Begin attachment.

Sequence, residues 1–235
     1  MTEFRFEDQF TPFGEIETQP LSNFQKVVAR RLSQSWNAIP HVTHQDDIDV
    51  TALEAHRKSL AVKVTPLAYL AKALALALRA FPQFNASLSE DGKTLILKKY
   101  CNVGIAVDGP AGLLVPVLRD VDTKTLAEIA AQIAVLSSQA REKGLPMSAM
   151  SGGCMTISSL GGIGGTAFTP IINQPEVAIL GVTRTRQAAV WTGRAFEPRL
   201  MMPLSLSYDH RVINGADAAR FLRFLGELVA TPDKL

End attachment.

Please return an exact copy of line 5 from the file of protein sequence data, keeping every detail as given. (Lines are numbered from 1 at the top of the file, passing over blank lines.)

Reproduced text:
   151  SGGCMTISSL GGIGGTAFTP IINQPEVAIL GVTRTRQAAV WTGRAFEPRL